Innovation Ohio joins Progress Now affiliates in mourning the tragic and untimely loss of our friend and colleague, Conen Morgan. Conen was a true champion of progressive causes and did the work to make our democracy stronger every single day. Our hearts and prayers go out to the Morgan family, and all of Conen’s colleagues and friends during this difficult time.
Innovation Ohio Education Fund is pleased to announce A Justice Agenda for Black Women and Girls.
This report focuses on ways in which currently pending or passed state-level policy harms or holds back the lives of Black women and girls. We examine ways in which housing, workforce, and education policies create barriers for Black women and girls face in their lives and in seeking justice. We will then offer policy solutions for state-level policy makers to implement in order to close the gap on discriminatory policies and practices.
We know that the experiences of all black women and girls are not the same. Every community has unique challenges and obstacles. However, what we do know is there are patterns of discriminatory systemic disadvantages in housing, employment, and education that are both paramount foundational requirements for economic success and larger barriers for Black women and girls. We hope you find this report and its recommendations vital to overcoming real challenges to address systemic barriers.
Innovation Ohio is thrilled to share our 2022 Annual Report with all of you. As a trusted voice in Ohio’s progressive community, our goal has always been to build and scale the essential elements of infrastructure, research, communication, and policy to defeat the extremist’s agenda and ensure a multi-cycle progressive comeback in Ohio.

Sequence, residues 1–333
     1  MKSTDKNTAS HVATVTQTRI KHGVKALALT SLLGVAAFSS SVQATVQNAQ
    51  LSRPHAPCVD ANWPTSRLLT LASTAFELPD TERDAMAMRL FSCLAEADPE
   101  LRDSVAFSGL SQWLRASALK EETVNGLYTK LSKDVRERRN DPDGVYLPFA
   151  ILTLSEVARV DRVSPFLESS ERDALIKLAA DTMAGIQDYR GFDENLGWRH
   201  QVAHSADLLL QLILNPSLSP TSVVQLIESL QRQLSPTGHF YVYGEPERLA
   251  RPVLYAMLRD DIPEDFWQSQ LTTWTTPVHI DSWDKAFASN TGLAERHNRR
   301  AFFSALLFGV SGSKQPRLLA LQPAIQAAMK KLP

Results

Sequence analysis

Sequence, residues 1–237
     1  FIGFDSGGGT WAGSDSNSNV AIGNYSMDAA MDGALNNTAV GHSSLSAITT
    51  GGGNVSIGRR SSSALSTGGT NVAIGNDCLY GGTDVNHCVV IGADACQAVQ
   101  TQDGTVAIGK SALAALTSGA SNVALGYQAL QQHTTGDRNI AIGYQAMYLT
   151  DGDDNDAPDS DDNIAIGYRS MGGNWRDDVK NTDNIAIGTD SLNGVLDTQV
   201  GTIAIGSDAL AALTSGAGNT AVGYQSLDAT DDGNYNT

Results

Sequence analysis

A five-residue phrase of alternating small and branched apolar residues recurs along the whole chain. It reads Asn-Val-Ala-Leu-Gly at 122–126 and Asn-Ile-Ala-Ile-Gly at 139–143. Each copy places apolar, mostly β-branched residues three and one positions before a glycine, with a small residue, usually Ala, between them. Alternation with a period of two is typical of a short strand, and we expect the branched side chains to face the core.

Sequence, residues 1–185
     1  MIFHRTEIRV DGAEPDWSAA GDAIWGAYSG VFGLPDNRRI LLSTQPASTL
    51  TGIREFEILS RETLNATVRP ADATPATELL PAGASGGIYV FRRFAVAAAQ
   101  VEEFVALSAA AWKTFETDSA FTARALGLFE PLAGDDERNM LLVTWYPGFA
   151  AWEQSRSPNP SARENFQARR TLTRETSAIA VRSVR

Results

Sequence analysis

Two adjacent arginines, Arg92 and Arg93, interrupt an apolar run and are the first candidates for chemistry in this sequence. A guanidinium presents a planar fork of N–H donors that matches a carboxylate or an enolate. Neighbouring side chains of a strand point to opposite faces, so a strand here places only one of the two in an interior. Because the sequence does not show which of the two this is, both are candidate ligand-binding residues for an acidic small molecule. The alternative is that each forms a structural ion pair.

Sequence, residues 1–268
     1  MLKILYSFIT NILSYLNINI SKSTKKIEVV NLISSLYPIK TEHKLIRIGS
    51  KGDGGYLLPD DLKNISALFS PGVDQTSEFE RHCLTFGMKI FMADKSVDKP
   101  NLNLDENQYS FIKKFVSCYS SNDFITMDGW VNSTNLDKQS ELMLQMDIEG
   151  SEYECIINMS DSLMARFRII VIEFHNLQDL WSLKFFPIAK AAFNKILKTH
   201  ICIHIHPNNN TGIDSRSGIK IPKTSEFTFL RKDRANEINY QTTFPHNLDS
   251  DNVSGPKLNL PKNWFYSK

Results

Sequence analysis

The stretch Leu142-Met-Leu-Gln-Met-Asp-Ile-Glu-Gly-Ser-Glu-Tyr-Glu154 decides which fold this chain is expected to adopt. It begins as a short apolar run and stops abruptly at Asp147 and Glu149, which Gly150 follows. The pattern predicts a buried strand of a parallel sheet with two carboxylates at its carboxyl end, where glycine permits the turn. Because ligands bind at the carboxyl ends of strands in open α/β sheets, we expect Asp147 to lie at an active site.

This year, under Desiree’s ongoing leadership, we met the moment by creating a competitive strategy for the 2022 election cycle. Our projects reached Ohioans in every corner of the state and the midterm elections showed the national strength of progressive causes and advocacy efforts.
In partnership with BallotReady, we launched the Ohio Voter Guide, a new, nonpartisan, interactive tool for the 2022 election season, providing Ohioans with vital information prior to casting their ballot. The guide was a huge success, with 1 in 8 Ohio voters using it to make informed decisions at the voting booth.
Additionally, our Comms Hub and Research Hub continue to provide two vital resources to Ohio’s progressive community. The Comms Hub coordinates weekly communications activities, rapid-response, and media outreach efforts for more than two dozen allied progressive organizations, while the Research Hub, in partnership with other progressive organizations, provides resources for research and polling through a subscription model.
Thank you for your continued support. We look forward to our continued progress and success in the coming year.IO 22 Annual Report option 1 by Lily Furgeson
HJR1 referred to House Constitutional Resolutions Committee
COLUMBUS — Today, Desiree Tims, President and CEO of Innovation Ohio, condemned House Joint Resolution 1 (HJR1), a proposed constitutional amendment that increases the passage thresholds of new amendments to 60% of the vote, up from a simple majority.
“HJR1 is a blatant power-grab by special interests and corrupt politicians, which seeks to undermine our democracy and silence the voice of the people”, said Desiree Tims. “This amendment shreds our constitution as we know it and is a direct attack on the rights of Ohio voters. We condemn it in the strongest terms possible.”
A similar proposal from the last General Assembly, HJR6, failed to receive enough support in the Ohio legislature and eventually died in lame duck session. HJR1, however, contains more limits to citizen-driven ballot initiatives and creates unnecessary burdens to signature gatherers.
“This amendment undermines the sacred principle of ‘one person, one vote,” said Desiree Tims. “Ohio has a rich history of citizen-led ballot initiatives. If this amendment is passed, it will undermine majority rule and give a small number of voters (just 41%) the power to block initiatives that a majority of Ohio voters support. We need to protect our freedom to determine our own future in Ohio.”
We call on all Ohioans to stand up for our freedom and democracy, and reject this attempt to take away our rights. We urge our elected officials to listen to the people, not special interests, and reject this proposed amendment.